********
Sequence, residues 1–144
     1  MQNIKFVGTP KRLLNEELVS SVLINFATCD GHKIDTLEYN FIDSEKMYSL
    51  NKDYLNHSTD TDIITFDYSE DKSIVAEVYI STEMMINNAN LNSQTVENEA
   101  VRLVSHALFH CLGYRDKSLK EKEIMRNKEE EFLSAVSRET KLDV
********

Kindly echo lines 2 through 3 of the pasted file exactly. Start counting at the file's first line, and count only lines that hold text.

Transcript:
     1  MQNIKFVGTP KRLLNEELVS SVLINFATCD GHKIDTLEYN FIDSEKMYSL
    51  NKDYLNHSTD TDIITFDYSE DKSIVAEVYI STEMMINNAN LNSQTVENEA